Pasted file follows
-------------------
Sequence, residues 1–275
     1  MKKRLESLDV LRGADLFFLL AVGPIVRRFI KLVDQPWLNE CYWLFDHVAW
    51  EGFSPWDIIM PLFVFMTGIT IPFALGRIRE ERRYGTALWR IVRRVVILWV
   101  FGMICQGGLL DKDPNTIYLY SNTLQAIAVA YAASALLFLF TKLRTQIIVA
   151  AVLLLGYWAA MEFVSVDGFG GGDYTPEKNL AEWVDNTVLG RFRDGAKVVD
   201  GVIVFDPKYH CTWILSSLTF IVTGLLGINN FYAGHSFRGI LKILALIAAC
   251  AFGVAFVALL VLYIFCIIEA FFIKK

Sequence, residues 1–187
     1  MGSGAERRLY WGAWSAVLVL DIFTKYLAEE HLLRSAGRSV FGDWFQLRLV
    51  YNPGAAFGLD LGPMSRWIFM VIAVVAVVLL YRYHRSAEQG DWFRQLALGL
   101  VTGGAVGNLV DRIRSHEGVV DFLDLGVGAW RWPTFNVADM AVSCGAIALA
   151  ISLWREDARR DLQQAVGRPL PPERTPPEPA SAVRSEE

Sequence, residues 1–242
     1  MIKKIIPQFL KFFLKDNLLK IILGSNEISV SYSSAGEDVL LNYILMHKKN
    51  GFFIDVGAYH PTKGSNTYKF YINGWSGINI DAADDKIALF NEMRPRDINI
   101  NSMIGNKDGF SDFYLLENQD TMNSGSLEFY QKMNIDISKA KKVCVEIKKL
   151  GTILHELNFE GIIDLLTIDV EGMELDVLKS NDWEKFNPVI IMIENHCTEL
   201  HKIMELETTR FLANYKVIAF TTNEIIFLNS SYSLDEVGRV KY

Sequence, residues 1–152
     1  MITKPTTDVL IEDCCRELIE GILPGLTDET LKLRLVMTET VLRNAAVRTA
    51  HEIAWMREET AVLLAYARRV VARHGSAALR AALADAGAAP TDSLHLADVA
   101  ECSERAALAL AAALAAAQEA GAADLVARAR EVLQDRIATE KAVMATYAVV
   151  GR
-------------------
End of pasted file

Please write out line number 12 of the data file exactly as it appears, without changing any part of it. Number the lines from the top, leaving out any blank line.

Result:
   151  ISLWREDARR DLQQAVGRPL PPERTPPEPA SAVRSEE